Star-Forming Clouds Stars form in dark clouds of dusty gas in interstellar space. The gas between the stars is called the interstellar medium.
Gravity Versus Pressure Gravity can create stars only if it can overcome the force of thermal pressure in a cloud. Gravity within a contracting gas cloud becomes stronger as the gas becomes denser. Its called a molecular cloud because the Hydrogen is cool enough in the form H 2 molecules.
Mass of a Star-Forming Cloud A typical molecular cloud (T~ 30 K, n ~ 300 particles/cm 3 ) must contain at least a few hundred solar masses for gravity to overcome pressure. The cloud can prevent a pressure buildup as it collapses by converting thermal energy into infrared and radio photons that are radiated away to cool the cloud.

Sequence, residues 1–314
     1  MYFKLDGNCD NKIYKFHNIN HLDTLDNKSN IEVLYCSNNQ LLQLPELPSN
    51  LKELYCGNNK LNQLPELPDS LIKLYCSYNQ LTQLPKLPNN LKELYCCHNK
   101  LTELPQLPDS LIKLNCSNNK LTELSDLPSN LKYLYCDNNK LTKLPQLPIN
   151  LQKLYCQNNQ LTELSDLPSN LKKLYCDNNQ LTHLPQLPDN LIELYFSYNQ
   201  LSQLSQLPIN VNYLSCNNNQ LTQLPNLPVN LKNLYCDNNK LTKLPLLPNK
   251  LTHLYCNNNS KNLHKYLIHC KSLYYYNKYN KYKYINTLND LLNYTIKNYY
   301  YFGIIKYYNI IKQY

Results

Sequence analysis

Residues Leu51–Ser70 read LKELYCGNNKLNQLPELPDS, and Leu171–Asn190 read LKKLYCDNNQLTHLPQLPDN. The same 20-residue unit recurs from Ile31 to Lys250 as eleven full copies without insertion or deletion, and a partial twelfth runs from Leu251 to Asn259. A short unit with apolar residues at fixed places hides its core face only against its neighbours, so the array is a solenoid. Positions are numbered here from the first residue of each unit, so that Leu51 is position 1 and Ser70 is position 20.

Fragmentation of a Cloud This simulation begins with a turbulent cloud containing 50 solar masses of gas.
Fragmentation of a Cloud The random motions of different sections of the cloud cause it to become lumpy.
Fragmentation of a Cloud Each lump of the cloud in which gravity can overcome pressure can go on to become on or more stars. A large cloud can make a whole cluster of stars containing thousands or millions of stars.
Glowing Dust Grains As stars begin to form, dust grains that absorb visible light heat up and emit infrared light. So we can find new stars by using and infrared telescope.
Glowing Dust Grains Long-wavelength infrared light is brightest from regions where many stars are currently forming.
Thought Question What would happen to a contracting cloud fragment if it were not able to radiate away its thermal energy? A. It would continue contracting, but its temperature would not change. B. Its mass would increase. C. Its internal pressure would increase.